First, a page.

Lung cancer remains the leading cause of cancer death in men and women in the United States. This year, the disease will claim the lives of 161,840 Americans.
Also to be considered are the gains in length and quality of life associated with Iressa or Tarceva. For most patients with NSCLC, conventional chemotherapy provides an additional four to six months of survival over what they would have without treatment. Patients who respond to Iressa or Tarceva, by contrast, can expect another year or more. (Like most cancer drugs, Iressa and Tarceva lose their power over time as tumor cells become resistant to them.) And, because they concentrate their effects on cancer cells, rather than a broad range of cells, Iressa and Tarceva generally produce fewer side effects than standard treatments do.
To an outsider, such gains might seem modest, but, as Johnson points out, it represents a doubling of survival time – no mean feat in a field where progress was frustratingly slow for many years.
In some respects, lung cancer is a relative latecomer to targeted therapy. Breast cancer treatment is increasingly personalized, with treatment regimens geared to specific gene mutations in patients' tumors. Lung cancer research, by contrast, has long suffered from the difficulty of obtaining tissue for study and from a reputation as an area with few good scientific leads.
The discovery of NSCLC's molecular vulnerability has given the field fresh energy, by essentially mapping a route toward the development of new gene-oriented therapies. At Dana-Farber, Johnson has assembled a team of scientists to carry the process from start to finish. Meyerson is leading the effort to scan tumor tissue for potential cancer genes; Kwok-kin Wong, MD, PhD, is conducting tests in laboratory cell cultures and mice to determine if abnormalities in those genes are indeed linked to cancer; and Pasi Jänne is studying the effectiveness of therapies for such target genes in patients.
The goal, as Johnson puts it, is to "chip away at the problem of non-small cell lung cancer" by finding and defeating additional genes linked to the disease. Chances are, each of these genes will be responsible for only a small percentage of NSCLC cases – perhaps just 2 percent or 3 percent – but cumulatively they may affect a quarter of all patients with the disease.
"We want to make it routine to test patients' tumors for known mutations, so their treatment can be tailored to their specific abnormalities."– Bruce Johnson, MD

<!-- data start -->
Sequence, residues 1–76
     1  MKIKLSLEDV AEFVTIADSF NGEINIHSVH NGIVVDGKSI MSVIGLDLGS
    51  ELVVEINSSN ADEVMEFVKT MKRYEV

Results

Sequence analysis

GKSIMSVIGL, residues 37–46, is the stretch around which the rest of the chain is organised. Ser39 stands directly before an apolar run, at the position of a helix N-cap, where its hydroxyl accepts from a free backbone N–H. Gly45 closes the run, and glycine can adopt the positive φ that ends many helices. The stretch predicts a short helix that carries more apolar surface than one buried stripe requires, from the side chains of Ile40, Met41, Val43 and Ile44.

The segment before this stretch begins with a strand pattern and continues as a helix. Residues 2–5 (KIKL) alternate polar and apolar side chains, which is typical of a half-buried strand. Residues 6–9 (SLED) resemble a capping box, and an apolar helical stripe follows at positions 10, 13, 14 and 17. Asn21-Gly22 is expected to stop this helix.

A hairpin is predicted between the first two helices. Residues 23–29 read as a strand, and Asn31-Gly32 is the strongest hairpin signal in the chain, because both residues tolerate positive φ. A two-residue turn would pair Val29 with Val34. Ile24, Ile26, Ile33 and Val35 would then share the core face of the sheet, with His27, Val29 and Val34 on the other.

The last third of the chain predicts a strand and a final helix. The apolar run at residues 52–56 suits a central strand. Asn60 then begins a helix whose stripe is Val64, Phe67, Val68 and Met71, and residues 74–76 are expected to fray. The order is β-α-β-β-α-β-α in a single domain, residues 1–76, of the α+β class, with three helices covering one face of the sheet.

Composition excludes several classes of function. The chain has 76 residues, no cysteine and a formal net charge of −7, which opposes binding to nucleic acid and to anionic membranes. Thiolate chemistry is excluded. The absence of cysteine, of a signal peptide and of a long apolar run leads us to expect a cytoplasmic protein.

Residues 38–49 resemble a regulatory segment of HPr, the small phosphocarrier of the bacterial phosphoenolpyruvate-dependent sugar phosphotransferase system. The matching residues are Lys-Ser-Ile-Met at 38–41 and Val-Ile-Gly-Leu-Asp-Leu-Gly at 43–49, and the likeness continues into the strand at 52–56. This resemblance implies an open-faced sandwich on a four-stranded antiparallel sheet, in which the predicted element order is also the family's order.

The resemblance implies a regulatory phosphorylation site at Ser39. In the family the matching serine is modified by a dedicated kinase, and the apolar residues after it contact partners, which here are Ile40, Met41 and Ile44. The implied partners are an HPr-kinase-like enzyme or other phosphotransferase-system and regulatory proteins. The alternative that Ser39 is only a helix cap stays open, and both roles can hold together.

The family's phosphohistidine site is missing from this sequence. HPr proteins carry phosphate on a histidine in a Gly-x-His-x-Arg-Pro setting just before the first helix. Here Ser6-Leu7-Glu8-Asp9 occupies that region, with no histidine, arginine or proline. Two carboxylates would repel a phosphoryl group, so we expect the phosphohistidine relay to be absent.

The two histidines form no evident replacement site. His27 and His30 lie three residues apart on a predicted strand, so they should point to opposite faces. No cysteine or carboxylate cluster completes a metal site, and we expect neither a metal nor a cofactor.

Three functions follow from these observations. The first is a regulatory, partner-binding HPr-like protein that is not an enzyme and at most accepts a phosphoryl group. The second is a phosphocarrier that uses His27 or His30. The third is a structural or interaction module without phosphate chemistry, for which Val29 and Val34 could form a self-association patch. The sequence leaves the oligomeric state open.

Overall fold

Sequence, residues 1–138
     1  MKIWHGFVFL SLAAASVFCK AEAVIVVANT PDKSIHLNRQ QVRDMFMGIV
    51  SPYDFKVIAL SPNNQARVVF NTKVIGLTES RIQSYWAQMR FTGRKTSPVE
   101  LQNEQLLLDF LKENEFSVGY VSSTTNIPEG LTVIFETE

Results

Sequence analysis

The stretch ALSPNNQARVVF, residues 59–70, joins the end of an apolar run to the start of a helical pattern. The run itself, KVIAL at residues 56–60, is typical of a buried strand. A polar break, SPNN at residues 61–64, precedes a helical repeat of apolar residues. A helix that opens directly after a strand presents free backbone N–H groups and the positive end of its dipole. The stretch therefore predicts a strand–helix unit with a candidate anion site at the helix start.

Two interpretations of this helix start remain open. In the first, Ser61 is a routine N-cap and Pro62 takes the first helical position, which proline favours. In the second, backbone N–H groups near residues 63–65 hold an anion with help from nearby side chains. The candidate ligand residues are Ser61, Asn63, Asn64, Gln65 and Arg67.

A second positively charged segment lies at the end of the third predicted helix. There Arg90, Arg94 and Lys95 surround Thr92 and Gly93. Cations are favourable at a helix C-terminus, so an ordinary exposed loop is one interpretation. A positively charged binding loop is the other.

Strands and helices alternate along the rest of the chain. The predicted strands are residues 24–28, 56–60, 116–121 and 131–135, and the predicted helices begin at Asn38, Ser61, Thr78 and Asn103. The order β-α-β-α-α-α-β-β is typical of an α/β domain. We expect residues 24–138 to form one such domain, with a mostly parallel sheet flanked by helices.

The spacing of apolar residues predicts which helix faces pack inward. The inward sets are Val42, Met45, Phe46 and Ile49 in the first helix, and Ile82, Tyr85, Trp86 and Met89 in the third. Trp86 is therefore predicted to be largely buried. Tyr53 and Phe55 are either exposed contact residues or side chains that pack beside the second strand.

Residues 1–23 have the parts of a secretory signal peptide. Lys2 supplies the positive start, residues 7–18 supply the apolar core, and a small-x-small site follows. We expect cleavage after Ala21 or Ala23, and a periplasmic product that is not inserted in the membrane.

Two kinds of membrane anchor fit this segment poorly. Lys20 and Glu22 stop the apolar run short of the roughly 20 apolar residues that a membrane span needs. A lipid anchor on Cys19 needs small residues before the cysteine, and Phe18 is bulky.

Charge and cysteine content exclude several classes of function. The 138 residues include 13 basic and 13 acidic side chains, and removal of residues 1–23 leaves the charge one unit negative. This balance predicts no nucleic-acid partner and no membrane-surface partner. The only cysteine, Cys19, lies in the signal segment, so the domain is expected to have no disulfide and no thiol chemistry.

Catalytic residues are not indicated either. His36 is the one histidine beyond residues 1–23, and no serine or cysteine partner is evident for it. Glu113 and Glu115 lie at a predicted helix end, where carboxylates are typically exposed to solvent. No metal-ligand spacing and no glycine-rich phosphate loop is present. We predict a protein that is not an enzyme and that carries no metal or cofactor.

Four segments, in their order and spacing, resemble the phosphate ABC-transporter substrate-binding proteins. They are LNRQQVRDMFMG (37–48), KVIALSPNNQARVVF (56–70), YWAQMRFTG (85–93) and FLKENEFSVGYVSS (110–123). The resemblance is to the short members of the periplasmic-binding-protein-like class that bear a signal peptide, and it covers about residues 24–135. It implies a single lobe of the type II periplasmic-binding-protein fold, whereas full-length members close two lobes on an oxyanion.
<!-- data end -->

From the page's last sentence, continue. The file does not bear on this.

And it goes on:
"We want to make it routine to test patients' tumors for known mutations, so their treatment can be tailored to their specific abnormalities," Johnson says. Some of those therapies may already be "on the shelf " – used for other diseases and therefore readily available.
Dana-Farber researchers are currently on the trail of several NSCLC-linked genetic abnormalities – instances of misspellings of a gene's chemical code, or cases where a gene is overcopied or stuck in the wrong portion of a chromosome. In some instances, these same abnormalities are found in other cancers for which drugs are available, raising the possibility that they'll work in certain non-small cell lung tumors as well.
Meyerson is co-leader of a group that has sequenced more than 600 genes in almost 200 lung cancers known as adenocarcinomas, and has discovered more than 15 significant new mutated genes. "In this one survey, we have more than doubled the number of known genes whose mutation can lead to lung cancer," Meyerson says.
Dana-Farber scientists also have been the first to show how NSCLC cells gain the ability to shrug off Iressa or Tarceva and resume their rampant growth. In one study, Jänne and colleagues found that after a year of Iressa or Tarceva use, 50 percent of patients acquire an additional mutation, and 20 percent have an overcopying, or "amplification," of genes, which loosens the drugs' grip on their runaway growth. "We're at work on a second generation of EGFR inhibitors that circumvent the problem of resistance," Jänne says.
"Today, we can identify the genes driving tumor growth in a substantial portion of non-small cell lung cancer patients," observes Wong. "The first challenge is to devise successful treatments keyed to those genes. The other is to find additional genetic culprits." Wong admits that these mutations already linked to the disease may be the easiest to find – "low hanging fruit," as they're called – and that additional ones may be more elusive. But, he adds, "There is a lot of low-hanging fruit."
Fall/Winter 2008 Table of Contents